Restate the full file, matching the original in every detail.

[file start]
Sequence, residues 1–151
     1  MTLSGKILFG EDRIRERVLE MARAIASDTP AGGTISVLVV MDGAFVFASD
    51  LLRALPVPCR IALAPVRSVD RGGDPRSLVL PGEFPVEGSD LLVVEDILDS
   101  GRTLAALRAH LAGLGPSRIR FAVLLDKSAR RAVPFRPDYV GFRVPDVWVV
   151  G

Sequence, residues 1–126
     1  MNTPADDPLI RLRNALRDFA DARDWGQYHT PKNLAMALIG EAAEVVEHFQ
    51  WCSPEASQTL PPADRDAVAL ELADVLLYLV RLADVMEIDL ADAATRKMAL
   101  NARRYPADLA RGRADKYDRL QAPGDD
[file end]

Sequence, residues 1–151
     1  MTLSGKILFG EDRIRERVLE MARAIASDTP AGGTISVLVV MDGAFVFASD
    51  LLRALPVPCR IALAPVRSVD RGGDPRSLVL PGEFPVEGSD LLVVEDILDS
   101  GRTLAALRAH LAGLGPSRIR FAVLLDKSAR RAVPFRPDYV GFRVPDVWVV
   151  G

Sequence, residues 1–126
     1  MNTPADDPLI RLRNALRDFA DARDWGQYHT PKNLAMALIG EAAEVVEHFQ
    51  WCSPEASQTL PPADRDAVAL ELADVLLYLV RLADVMEIDL ADAATRKMAL
   101  NARRYPADLA RGRADKYDRL QAPGDD